Integrity — a compass of values for daily work

What does integrity mean? According to Wikipedia, integrity is an ethical orientation which ensures that an individual’s moral values and daily behavior go hand in hand. But what does integrity mean for a global automotive group with 290,000 employees?

“Integrity is one of Daimler’s key corporate values and a central element of our corporate culture,” explains Renata Jungo Brüngger, the member of the Board of Management who is responsible for Integrity and Legal Affairs. “Integrity in action cannot be imposed from above. Instead, we have to work together to define a scale of values that provides orientation for us and our colleagues even in difficult situations.”

"Integrity in action is based on a shared scale of values that provides orientation for us and our colleagues." - Renata Jungo Brüngger, Member of the Board of Management responsible for Integrity and Legal Affairs.

This scale of values has been laid down in the Group-wide Integrity Code. It is based on a shared understanding of values that was worked out together with our employees, and it defines the principles that must form the basis of our daily conduct. These principles include the observance of laws and rights, as well as fairness, responsibility, mutual respect, openness, and transparency. This guideline gives our employees orientation and helps them make the right ethical decisions even in difficult business situations. “For us, acting with integrity means that we always do what we say — that our deeds match our words. That’s the only way to generate the lasting trust that is the basis of every successful relationship — including business relationships,” says Pia Simon, the Head of Integrity Management.

A major prerequisite for responsible conduct is a culture of open discussion that enables people to address sensitive topics. Daimler is strengthening this culture by offering dialog events in a variety of areas and markets. In addition, the Integrity and Legal Affairs division has introduced a whole range of supportive measures that are available to help employees work together to shape a culture of integrity. These measures include customized training sessions that simulate daily business activities and the IL4me app, which provides mobile information about integrity, compliance, and the law. Daimler also has a special database where employees can find answers to frequently asked questions. “We communicate our scale of values to our employees through the various measures we offer. This is how we actively help to protect our brands and our reputation and thus promote Daimler’s longterm success,” says Pia Simon.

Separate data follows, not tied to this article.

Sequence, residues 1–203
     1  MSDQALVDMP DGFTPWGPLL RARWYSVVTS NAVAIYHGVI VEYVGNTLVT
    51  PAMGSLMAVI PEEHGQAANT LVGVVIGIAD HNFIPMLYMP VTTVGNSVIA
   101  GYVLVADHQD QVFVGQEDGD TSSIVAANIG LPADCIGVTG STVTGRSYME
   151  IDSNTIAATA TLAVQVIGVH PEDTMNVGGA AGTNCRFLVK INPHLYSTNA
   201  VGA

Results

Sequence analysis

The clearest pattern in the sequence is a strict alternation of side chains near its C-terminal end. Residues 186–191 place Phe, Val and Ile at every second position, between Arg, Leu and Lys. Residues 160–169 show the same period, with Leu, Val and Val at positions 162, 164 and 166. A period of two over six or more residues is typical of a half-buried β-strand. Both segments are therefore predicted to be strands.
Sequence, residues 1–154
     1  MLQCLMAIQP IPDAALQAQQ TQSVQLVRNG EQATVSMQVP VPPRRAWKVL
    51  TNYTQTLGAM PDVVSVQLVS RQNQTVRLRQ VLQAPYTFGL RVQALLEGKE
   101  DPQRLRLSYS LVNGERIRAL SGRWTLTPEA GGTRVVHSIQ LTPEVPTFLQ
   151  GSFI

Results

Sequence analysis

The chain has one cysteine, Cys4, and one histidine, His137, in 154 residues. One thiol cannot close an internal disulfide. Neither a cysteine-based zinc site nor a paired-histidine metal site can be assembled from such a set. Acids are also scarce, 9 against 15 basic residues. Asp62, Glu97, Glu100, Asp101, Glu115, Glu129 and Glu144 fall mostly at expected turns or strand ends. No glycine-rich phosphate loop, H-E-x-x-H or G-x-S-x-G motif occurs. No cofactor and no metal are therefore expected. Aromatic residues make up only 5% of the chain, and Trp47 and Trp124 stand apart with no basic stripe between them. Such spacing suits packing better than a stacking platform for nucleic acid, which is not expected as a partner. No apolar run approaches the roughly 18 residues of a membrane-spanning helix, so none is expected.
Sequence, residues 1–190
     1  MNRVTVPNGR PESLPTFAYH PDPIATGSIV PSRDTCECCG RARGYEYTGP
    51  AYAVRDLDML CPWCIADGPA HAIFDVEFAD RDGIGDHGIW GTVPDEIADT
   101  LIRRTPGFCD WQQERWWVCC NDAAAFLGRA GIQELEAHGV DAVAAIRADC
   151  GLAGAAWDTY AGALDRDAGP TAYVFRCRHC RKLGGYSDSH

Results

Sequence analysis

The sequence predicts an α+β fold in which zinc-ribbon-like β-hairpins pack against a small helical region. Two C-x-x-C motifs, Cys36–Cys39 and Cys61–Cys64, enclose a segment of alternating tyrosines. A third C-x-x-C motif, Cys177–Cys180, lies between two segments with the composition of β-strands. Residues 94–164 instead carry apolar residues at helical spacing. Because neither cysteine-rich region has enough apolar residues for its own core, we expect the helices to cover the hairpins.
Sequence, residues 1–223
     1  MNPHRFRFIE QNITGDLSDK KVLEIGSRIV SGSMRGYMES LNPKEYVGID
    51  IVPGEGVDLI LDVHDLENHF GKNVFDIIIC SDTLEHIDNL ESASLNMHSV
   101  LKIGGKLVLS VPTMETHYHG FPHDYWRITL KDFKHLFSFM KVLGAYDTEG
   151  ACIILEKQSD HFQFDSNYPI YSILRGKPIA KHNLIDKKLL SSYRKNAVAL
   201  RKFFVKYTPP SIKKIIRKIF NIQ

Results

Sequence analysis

"For us, acting with integrity means that we always do what we say. That’s the only way to generate lasting trust." - Pia Simon, Head of Integrity Management.

This is especially important in times of upheaval and transformation. The automobile industry is being radically changed by digitalization and the related areas of connectivity, driverless vehicles, sharing, and electric mobility. The new fields of business that are developing today require companies to reorient themselves. New technologies offer tremendous opportunities, but at the same time they pose challenges — for example, with regard to ethical and legal issues. In such times of change, our inner values and attitudes are put to the test. That’s why integrity issues will become even more important in the future.

A critical view from the outside

The Advisory Board for Integrity and Corporate Responsibility has been an important source of input for Daimler since 2012. It comprises independent experts from the fields of science, business, politics and non-governmental organizations, all of whom boast a wealth of experience with topics relating to ethical conduct. They provide critical and constructive support for the integrity process at Daimler from an external perspective.

 

• Dr. Teresa Fogelberg, Deputy Chief Executive of the Global Reporting Initiative (GRI)

• Professor Dr.-Ing. Helmut Holzapfel, Head of the Department for Integrated Traffic Planning and Mobility Development, University of Kassel

• Dipl.-Volksw. Renate Hornung-Draus, Managing Director of the Confederation of German Employers' Associations (BDA), Head of the Department of the European Union and International Social Policy

• Professor Peter Jones, OBE, professor of Transport and Sustainable Development at UCL Center for Transport Studies in London

• Professor Pierre Sané, Board Member of the UN Global Compact, President of the think tank Imagine Africa Institute

• Sylvia Schenk, attorney based in Frankfurt, former Chairwoman of Transparency Deutschland, board member of the German Olympic Academy

• Nigel Topping, CEO of the “We Mean Business Coalition”

• Dr. Martin von Broock, Chairman of the Management Board of Wittenberg Center for Global Ethics (WZGE)

• Professor Dr. rer. nat. Ernst Ulrich von Weizsäcker, environmental scientist, climate expert and Member of the German Bundestag (retd.), Co-President of the Club of Rome

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